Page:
9) Business, Human Rights and Sustainable Development
IUS/13, 3 CFU (15 hours), starts in September, 2020
Responsible: Angelica Bonfanti
The course aims at analyzing the relevant international legal framework concerning the regulation of corporate behaviour and its impact on human rights protection and sustainable development. To this extent, the course does not only deal with theoretical legal issues, but also provides specific insights about connected legal issues, such as: tax law, investment protection, public procurement, and the ongoing negotiation of a United Nations treaty on business and human rights. The course aims at examining the relevant legal tools, as well as European, international and domestic case law, applying them to the solution of case studies and developing skills of critical analysis.

10) Comparative corporate law: shareholder value vs stakeholder approach
IUS/04, 3 CFU (16 hours), starts in September, 2020
Responsible: Alessandra Stabilini & Francesco Denozza
The course aims at providing students with an essential knowledge of the most important current topics of debate in company law. The course adopts a comparative perspective and tries to give a broad view of the debate with an international reach.


Monday 29 June, 2020:
Environmental Sustainability
Emanuele Campiglio - Vienna University of Economics and Business - Institute for Ecological Economics; Visiting Fellow at the London School of Economics and Political Science - Grantham Research Institute

Thursday 25 June, 2020:
Experimental justice and the test for liberal egalitarianism ex ante (behind the veil) and ex post (beyond the veil)
Giacomo Degli Antoni - University of Parma

Wednesday 17 June, 2020:
Human Rights and Strategic Litigation
Suzanne Goldberg - Director of the Law School’s Center for Gender and Sexuality Law and its Sexuality and Gender Law Clinic; First executive vice president for university life, Columbia University

Wednesday 10 June, 2020:
How to detect interdependencies among institutional and economic factors: correlation network analysis
Nadia von Jacobi - University of Trento

Friday 5 June, 2020:
Transformative Constitutionalism and Economic and Social Rights Remedies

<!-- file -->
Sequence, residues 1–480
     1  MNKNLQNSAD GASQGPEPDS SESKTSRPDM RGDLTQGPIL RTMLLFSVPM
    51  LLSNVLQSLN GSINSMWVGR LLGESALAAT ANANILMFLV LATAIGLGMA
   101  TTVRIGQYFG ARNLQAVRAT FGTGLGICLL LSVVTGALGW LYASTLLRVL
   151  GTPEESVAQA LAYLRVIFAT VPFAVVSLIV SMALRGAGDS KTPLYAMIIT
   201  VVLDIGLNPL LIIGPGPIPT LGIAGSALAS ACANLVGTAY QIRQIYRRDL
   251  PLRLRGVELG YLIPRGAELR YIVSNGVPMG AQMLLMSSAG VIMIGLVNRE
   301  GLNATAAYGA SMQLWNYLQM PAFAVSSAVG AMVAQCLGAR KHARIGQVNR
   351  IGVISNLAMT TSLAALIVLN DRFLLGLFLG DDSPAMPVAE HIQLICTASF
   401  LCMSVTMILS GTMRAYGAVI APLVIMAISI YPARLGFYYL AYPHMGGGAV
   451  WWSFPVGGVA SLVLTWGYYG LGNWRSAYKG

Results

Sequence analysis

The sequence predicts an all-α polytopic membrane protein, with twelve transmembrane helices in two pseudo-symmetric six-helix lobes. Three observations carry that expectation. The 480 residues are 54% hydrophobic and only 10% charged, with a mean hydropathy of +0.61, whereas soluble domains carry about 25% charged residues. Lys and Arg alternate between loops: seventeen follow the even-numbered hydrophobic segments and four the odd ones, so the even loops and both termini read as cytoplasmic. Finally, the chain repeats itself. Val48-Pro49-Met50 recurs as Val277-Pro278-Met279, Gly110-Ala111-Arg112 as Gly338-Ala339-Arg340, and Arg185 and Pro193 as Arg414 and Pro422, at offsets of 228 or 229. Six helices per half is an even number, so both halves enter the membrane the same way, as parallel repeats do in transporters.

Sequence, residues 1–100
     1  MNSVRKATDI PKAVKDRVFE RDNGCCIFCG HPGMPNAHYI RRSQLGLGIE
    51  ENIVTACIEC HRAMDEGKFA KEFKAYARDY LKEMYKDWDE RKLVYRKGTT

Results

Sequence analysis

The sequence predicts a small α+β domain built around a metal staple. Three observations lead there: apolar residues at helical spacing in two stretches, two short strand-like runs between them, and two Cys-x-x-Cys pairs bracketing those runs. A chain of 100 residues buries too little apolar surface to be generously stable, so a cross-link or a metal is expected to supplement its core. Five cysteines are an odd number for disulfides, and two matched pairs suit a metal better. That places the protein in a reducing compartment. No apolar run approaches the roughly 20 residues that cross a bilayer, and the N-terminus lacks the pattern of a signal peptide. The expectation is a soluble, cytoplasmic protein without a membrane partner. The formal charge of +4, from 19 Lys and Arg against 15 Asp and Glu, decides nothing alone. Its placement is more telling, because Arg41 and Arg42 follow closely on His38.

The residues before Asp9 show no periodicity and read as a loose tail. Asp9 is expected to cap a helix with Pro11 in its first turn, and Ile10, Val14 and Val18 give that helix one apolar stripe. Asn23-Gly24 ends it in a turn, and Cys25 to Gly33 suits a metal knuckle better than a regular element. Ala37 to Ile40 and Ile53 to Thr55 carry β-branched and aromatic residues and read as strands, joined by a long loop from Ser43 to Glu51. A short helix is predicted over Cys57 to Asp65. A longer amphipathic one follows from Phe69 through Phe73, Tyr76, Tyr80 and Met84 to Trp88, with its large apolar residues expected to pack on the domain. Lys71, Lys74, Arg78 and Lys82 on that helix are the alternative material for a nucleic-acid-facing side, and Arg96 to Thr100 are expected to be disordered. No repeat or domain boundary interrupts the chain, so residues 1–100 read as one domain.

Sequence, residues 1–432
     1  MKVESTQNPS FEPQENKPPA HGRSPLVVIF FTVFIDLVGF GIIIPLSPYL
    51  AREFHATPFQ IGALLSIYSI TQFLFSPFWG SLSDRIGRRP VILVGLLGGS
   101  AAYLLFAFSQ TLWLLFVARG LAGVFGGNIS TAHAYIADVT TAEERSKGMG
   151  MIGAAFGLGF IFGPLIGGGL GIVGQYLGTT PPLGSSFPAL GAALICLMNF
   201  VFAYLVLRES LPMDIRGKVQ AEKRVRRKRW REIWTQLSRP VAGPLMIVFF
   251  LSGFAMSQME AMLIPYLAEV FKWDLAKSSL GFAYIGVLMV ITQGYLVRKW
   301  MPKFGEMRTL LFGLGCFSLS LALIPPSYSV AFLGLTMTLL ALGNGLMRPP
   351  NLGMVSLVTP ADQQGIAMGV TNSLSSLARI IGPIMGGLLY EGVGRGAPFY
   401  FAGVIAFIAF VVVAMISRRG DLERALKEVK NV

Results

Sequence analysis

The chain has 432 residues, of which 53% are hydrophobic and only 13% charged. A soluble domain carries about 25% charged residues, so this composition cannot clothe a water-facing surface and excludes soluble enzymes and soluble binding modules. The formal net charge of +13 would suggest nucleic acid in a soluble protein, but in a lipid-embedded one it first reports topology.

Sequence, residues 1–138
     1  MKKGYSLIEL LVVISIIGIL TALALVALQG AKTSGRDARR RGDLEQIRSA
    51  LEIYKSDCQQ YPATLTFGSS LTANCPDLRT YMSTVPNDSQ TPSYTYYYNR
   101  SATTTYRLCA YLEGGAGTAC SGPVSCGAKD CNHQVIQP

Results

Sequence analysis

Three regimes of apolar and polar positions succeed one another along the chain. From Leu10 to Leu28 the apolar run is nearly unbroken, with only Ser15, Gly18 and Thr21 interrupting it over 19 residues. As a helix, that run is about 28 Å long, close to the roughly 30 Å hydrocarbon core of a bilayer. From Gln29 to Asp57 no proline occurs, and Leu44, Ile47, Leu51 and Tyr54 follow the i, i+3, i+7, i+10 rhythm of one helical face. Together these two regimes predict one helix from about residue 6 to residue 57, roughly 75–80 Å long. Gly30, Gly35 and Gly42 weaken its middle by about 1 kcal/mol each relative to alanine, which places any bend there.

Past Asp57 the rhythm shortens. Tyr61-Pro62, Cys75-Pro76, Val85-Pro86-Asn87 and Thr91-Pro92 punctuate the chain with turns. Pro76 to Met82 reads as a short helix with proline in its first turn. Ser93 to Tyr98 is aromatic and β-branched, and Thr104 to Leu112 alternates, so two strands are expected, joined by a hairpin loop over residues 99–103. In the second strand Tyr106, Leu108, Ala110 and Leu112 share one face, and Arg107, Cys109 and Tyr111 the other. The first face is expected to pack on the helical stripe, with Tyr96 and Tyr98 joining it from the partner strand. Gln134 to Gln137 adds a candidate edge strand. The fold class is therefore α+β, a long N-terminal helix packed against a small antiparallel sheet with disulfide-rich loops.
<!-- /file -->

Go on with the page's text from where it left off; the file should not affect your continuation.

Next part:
Carlos Bernal Pulido - Constitutional Court of Colombia

Tuesday 26 May, 2020:
Comparative Constitution-making
Tom Ginsburg - University of Chicago

Thursday 23 April, 2020 :
Content and Discourse Analysis
Marcello Maneri - University of Milan - Bicocca

Friday 3 April, 2020:
Preferences for Redistribution: Cross-country Experimental Evidence
Gianluca Grimalda - Kiel Institute for the World Economy

Wednesday 19 February, 2020:
The Turn to History in International Law
Martti Koskenniemi - Professor of International Law (University of Helsinki); Director, Erik Castren Institute of International Law and Human Rights

Friday 17 January, 2020:
China’s Adaptive Governance along the Belt and Road Initiative
Maria Adele Carrai - Marie Curie Fellow, KU Leuven; Fellow, Harvard University Asia Center; Associate Research Scholar, WEAI Columbia University

Working Paper Series


Leading Universities (Joint-Degree)

University of Milan, Italy
Maastricht University, the Netherlands
Rijeka University, Croatia

Partner Universities (Co-tutelle or Exchange Agreement)

Kiel Institute of International Economics, Germany;
King’s College, UK;
University of Belo Horizonte, Brazil;
University of Essex, UK;
University of Galway, Ireland;
University of Gottingen, Germany;
University of Granada, Spain;
University of Michigan, USA;
University of Minas Gerais, Brazil;
University of Pais Vasco, Spain;
University of Pennsylvania, USA;
University of Toulouse, France.